Of three tier tower form, partly pierced with scrolls and geometric motifs: the top tier with partly tiled windowed dome with openwork coronet pierced with strapwork and double-headed eagles displayed below trefoils, the dome surrounded by a gallery occupied by eight figures with emblems as follows: Rosh Hashana - shofar and book, Purim - scroll and rattle, Passover - matzah and matzah scorer, Hanukah - menorah and ewer, Yom Kippur - knife and slain chicken, Shavuot - Tablets of the Law, Sukkot - lulav and etrog, Sabbath - havdalah candleholder and spice box; applied below with windows screened by strapwork and mask panels alternating  with spiraled pilasters topped by deer alternating with stylized mermaids;  the middle tier applied with alternate round and square windows, the first with wheel-like screens, the second with grids, spaced by spiraled  pilasters  matching those in the top section, all below a cast openwork rim of  fleurs-de-lys and scrolls; the lower tier applied with lion masks alternating with cannon-form fountain heads, spaced by mermaid-headed pilasters, all framed by two horizontal openwork borders of fleurs-de-lys and scrolls; the tower mounted by central rod and three slip-locks on an oil reservoir with star-shaped  projection of ten paneled spouts, each engraved underneath with two bands of diminishing scrolling foliage; the center of the base with large lion mask, from which is suspended the half-baluster drip-bowl chased with three hounds pursuing a stag, doe and rabbit within ragged foliage on matted ground, melon-form terminal; the tower with five detachable candle branches formed of cast openwork scrollwork fronted by a grotesque head, each suspending a bell and supporting a plain drip-pan and sconce, marked on all sections and four-drip-pans with maker’s mark of Johann Adam Boller and Frankfurt city mark, circa 1710; the lamp suspended from a silver two-piece saw-edged ratchet with four cast eagle-head terminals, the top applied with two cast double headed eagles displayed, marked on each piece with maker’s mark of Jacob Loschhorn and city mark of Frankfurt, circa 1770. Together with ten silver drip-channels, chased except for one with flames, nine with maker’s mark I L F in trefoil, also stamped 12, East German or Polish, late 18th century. This lamp is one of the most complete of a small group of highly-decorated silver “Judenstern” Sabbath lamps.  Probably the richest productions of the golden age of Frankfurt Jewry, they speak to the wealth and sophistication of that community in the early 18th century. the frankfurt ghetto While other southern German cities were expelling their Jewish populations in the late 16th century, Frankfurt allowed its ghetto to remain; it soon became the largest Jewish community in Germany.  Despite the Fettmilch riots in the early 17th century, the community prospered.  Laws governing the Frankfurt ghetto were supposed to restrict its population to 500 families, with a maximum of 12 marriages per year.  However, the reality of the extensive Jewish population made the ghetto one of the most densely populated places in Europe.  Families of Court Jews and recent immigrants from farm communities were all crowded together into the short stretch of the Judengasse.  From 1718, the Holy Roman Emperor in Vienna granted official recognition to representatives of the ghetto, although restrictive laws remained in place through the end of the 18th century. Sumptuary laws give another insight into the richness of the Frankfurt community, and the role of a family’s silver pieces.  In 1715 – after the terrible 1711 fire which almost totally destroyed the ghetto – the Jewish Council restricted what silver objects could be displayed at the Spinholtz, the reception held at the bride’s house on Friday afternoon before the Saturday evening ceremony.  The three permitted forms were a leuchter, a lamp, and a becher, presumably the Sabbath light, the Hanukah lamp, and the Kiddush beaker (Weber, op. cit., p. 174).  Thus, these forms were not just for private devotion, but had a public display role, proclaiming the wealth and magnificence of the families involved. the tower-form “judenstern” sabbath lamps Guido Schoenberger finds the origin of these lamps in Roman hanging lamps with central reservoir and a rosette shape for the wicks to protrude. The Jewish form develops through the Middle Ages into a star form of Messianic significance.  He notes that silver versions were already being made in Frankfurt in the 16th century, entered into the Hallmarking Books of the Frankfurt Goldsmiths’ Guild in 1540 and 1557, under the name of “ein silberner Judenstern” (op.cit., p.196-197). He relates the cannon-form fountain spouts to the fountains found in the centers of European cities such as the “Schone Brunnen” of Nuremberg, a silversmithing center with wide influence. Schoenberger ties the idea of a fountain to Psalm 36:10: “For with Thee is the fountain of life, in Thy light do we see light.” The Sabbath is greeted as a “fountain of blessing” in “Lekha dodi”, a hymn of welcome that was incorporated into synagogue services in Frankfurt in the late 17th century. However the idea of a fortified tower with figures is an appropriate image for the strength of the Jewish Faith.  Spice boxes were usually modeled in tower form, based on town hall, church or castle towers which would have landmark status at the time and thus be an image coming readily to mind.  However, the degree of elaboration seen on the Steinhardt lamp is greater than examples known to survive in actual masonry.  This suggests that these tower-form lamps are a conceit made partly from real examples and partly probably from temporary architecture such as used for processions or masques.  Fantastic towers also appeared in table decorations, both edible in stuffs such as marzipan, or worked in silver and gilt metal.  Especially popular in Germany  in the 16th and  17th century, nefs or ships - sometimes with projecting cannon - could be manned with numerous small figures of sailors and soldiers (see John Hayward, Virtuoso Goldsmiths, 1540-1620, 1976, item 548, p.391, for a Strasbourg example).  The fantastic architecture used on the sterns of real galleons may have been another inspiration, with their superimposed bands of windows framed in fantastic carving, topped by a balustrade, and the sides bristling with cannon. surviving lamps Seven lamps are known from late 17th and early 18th century Frankfurt; the style had a coda in Nuremberg in the later 18th century.  All of the Frankfurt examples are the products of a close group of associated goldsmiths. Three of the lamps have a partly-open body populated with figures, giving more of the feeling of a gazebo or pavilion than a fortified tower; these are particularly close to fantastic stage or festival architecture of the baroque.  Traditionally, these have been dated earlier than the closed tower examples: j.v. schüller, frankfurt, “the rothschild lamp," jewish museum, new york, jm 37-52[i] This lamp has just one row of lion masks and cannon, separated by fantastic masks, below a bell-hung pavilion of slender columns with emblematic figures standing between.  The truncated column top is pierced with crescents and rosettes. j.v. schüller, frankfurt. jewish museum, new york, f2707[ii] A partially reconstructed lamp, the central stem has a band of alternating lion masks and cannon, topped by one of protruding rosettes in two patterns, than a third tier of alternating square and circular grilled windows below the openwork pavilion.  Here, the figures front the columns supporting a crown-form openwork dome. j.a. boller, frankfurt, “the lehman lamp,” temple emanu-el, new york[iii] By the same maker as the Steinhardt lamp, this lamp has an upper tier of candle arms as well as the star of oil lamps.  The chasing on these radiating lights, centered by a lion mask, matches the offered piece, and Salomonic columns on the balustrades and inverted tulip dome recall the Steinhardt lamp, but the body is composed of pierced foliage, without any of the cannon, grilled windows, or lion masks of other lamps in the group. The second group of lamps derives from the first, but with a more architectural “turret” top and without the openwork pavilion. j.v. schüller, frankfurt, skirball museum, los angeles.[iv] This lamp has three tiers, tripped with the fleur-de-lys border, but without emblematic figures of candle arms.  The lowest tier of lion heads is spaced with roundels which were probably originally cannon ends; the second tier is circular and square grilled windows, while the third tier now has plain roundels. j.a. boller, frankfurt, “the steinhardt lamp,” the offered lot j.a. boller, frankfurt. jewish museum, new york, f4400.[v] A little-published lamp also in the Jewish Museum, this piece is probably closest to the Steinhardt lamp, with similar star, drip pan, three tiers, and candle arms.  The figures are mounted, not at the top of the three architectural tiers, but on an additional gallery mounted partway up the tall spire. george wilhelm schedel, frankfurt, dated 1738/39, consistoire, paris, on loan to the israel museum (l-b86.0017;117/220.)[vi] A three-tiered lamp with a drip pan by J.C. Scüller, this piece is so close to the previous two Boller lamps as to suggest it was either made under Boller’s supervision or closely following his design and using his molds.  The balcony does not have a full complement of emblematic figures. It is worth mentioning another group of lamps, as they seem to be the following generation of the Frankfurt model.  The silhouette, with its little turrets, is much more architectural, and very close to surviving structures in Germany. Johann Jacob Runecke, Fürth (outside Nuremberg), circa 1780, “The Sassoon Lamp,” New York Private Collection.[vii] Martin Carl Haniagen. Dublon, Nuremberg. Historische Museum, Hannover.[viii] Maker unknown, probably Nuremberg. formerly Paris, Coll. A Fischel [i] Vivian B. Mann and Richard I Cohen, eds. From Court Jews to the Rothschilds: Art, Patronage and Power, 1600-1800, Munich: Prestel, 1996, no. 127, p. 184 [ii] Purchased from Parke-Bernet Galleries, New York, January 4, 1951, Gothic Renaissance Art: Furniture, Sculpture, Bronzes [iii] Cissy Grossman, A Temple Treasury: The Judaica Collection of Congregation Emanu-El of the City of New York, New York, 1989, no 87, pp.104-106 [iv] New Beginnings, The Skirball Museum Collections and Inaugural Exhibition, pl. 15, p. 36 [v] Formerly private collection Frankfurt, reproduced Guido Schoenberger, “A Silver Sabbath Lamp from Frankfort-on-the-Main” in Essays in Honor of Georg Swarzenski, 1951, p.197, illus. fig.3, p.195 [vi] With an earlier drip bowl by J. V. Schüler. Illustrated Victor A. Klagsbald, Jewish Treasures from Paris, from the Collections of the Cluny Museum and the Consistoire. Jerusalem: The Israel Museum, 1982, no. 67 [vii] Sold Sotheby’s Tel Aviv, April 24, lot 19 [viii]  Nurnberger Goldschmiedekunst, 1541-1868, no 97, illus. p. 734 the boller-schüller circle The lamps come from a Frankfurt workshop started by Johann Valentin Schüller (master 1680), and continued by his brother Johann Michael Schüller (master 1684), and the latter’s brother-in-law Johann Adam Boller (master 1706).  The first two were the children of Michael Schüller, also a silversmith in Aschaffenburg. Johann Valentin Schüller was born in 1650 in Aschaffenburg, and became apprentice to Jacob Rap in 1666, master in 1680, married in 1680, Anna Margaretha  Guldemundt, daughter of a shoemaker. He died in 1726.  His younger brother, Johann Michael Schüller, was born in 1658, became master in 1684 and in the same year married Anna Catharina, daughter of the musician Johann Adolff Boller.  He married secondly in 1706 Anna Gertraud Gras and died in 1718. Johann Adam Boller, son of the musician Johann Adolff, became master in 1706 and married in 1707 Catharina Hardt, daughter of Johann Jacob Hardt. He died in 1732 Georg  Wilhelm Schedel, baptized  in 1698 son of Johann Schedel zu Oberkotzau im  Voigtland, became master in 1722 and married in the same year  Anna Catharina Reutlinger, daughter of silversmith Elias Reutlinger.  On her death in 1726 he married Helena Steffan, daughter of the chapel musician Henrich Moritz Steffan, and died in 1762. Rötger (Rudiger) Herfurth was born in 1722 son of Johann Joachim Herfurth, silver dealer and  his first  wife Anna Margaretha  Bein, became master in 1748 and married first in 1749 Maria  Elisabeth Hoffmann and secondly in 1761 Rebecca Jenichen  and died in 1776. Johann Jacob Löschhorn (Leschhorn) was baptised in 1740 son of silversmith Jacob; master in 1769 and died in 1787. Biographical information taken from Wolfgang Scheffler, Goldschmiede Hessens, 1976. In Crowning Glory, Silver Torah Ornaments of the Jewish Museum, New York, p. 83 Rafi Grafman examines the relationship between these makers and indicates that the Schüllers, Boller and Schedel ran the same workshop from about 1680 till the middle of the 18th century. The branches which support the sconces on the present lamp are cast from the same molds as the Torah Shield by Schüller, lot 94 in this sale.  The same castings may be seen in the Shield formerly in the Furman Collection, by Johann Valentin Schüller, (Bezalel Narkiss, Treasures of Jewish Art from the Jacabo and Asea Furman Collection of Judaica, pp. 56-57).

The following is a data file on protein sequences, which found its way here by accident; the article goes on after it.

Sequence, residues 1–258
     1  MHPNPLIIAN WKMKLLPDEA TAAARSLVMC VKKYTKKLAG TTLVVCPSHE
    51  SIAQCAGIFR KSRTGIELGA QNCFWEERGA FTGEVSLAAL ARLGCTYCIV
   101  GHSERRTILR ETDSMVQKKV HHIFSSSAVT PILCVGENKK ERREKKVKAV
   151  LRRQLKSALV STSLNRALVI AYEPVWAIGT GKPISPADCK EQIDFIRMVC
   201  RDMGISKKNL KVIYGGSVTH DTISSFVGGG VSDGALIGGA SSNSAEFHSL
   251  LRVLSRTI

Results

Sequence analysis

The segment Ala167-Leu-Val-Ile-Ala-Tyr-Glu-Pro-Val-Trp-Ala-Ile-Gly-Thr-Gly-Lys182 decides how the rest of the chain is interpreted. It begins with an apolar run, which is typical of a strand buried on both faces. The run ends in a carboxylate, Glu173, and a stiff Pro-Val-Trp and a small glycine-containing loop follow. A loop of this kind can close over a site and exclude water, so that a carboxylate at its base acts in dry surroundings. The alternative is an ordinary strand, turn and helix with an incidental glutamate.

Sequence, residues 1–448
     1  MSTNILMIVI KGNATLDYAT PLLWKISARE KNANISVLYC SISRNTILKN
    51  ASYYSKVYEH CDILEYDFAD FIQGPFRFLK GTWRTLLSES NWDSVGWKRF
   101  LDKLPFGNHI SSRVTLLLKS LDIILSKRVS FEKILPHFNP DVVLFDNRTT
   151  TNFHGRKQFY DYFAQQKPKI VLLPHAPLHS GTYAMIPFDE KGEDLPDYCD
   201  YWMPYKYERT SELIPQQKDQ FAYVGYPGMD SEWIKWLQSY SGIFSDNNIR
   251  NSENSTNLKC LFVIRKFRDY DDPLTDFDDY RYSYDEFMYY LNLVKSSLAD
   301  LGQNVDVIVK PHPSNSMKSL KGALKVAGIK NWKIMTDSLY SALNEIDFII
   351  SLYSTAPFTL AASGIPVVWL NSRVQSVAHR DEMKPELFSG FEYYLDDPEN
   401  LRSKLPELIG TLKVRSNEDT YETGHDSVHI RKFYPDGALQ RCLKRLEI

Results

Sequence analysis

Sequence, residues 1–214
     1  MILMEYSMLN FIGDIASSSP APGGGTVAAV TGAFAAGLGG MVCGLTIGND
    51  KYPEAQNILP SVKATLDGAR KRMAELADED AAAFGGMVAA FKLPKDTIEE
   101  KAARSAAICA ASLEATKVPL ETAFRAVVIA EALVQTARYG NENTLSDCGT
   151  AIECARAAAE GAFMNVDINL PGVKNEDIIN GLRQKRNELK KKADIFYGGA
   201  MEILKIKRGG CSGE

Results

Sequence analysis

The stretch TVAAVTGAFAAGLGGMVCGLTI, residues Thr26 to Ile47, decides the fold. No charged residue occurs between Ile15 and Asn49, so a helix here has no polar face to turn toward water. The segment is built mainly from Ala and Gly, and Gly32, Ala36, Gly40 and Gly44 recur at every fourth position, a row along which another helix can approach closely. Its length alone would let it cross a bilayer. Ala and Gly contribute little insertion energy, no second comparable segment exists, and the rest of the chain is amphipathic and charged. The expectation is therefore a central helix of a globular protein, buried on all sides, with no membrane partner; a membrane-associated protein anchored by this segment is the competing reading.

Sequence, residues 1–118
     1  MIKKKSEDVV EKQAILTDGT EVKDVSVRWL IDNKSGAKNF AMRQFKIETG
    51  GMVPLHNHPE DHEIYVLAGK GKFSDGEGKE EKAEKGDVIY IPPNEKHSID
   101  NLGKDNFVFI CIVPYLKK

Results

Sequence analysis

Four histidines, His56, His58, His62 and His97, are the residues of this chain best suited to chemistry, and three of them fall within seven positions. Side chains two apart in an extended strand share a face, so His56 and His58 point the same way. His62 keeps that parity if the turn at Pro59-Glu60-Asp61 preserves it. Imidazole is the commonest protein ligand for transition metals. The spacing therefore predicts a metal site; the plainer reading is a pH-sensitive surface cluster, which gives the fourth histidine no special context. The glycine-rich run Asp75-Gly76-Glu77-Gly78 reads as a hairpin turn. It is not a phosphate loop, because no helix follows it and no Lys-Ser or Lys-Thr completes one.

• USAUSA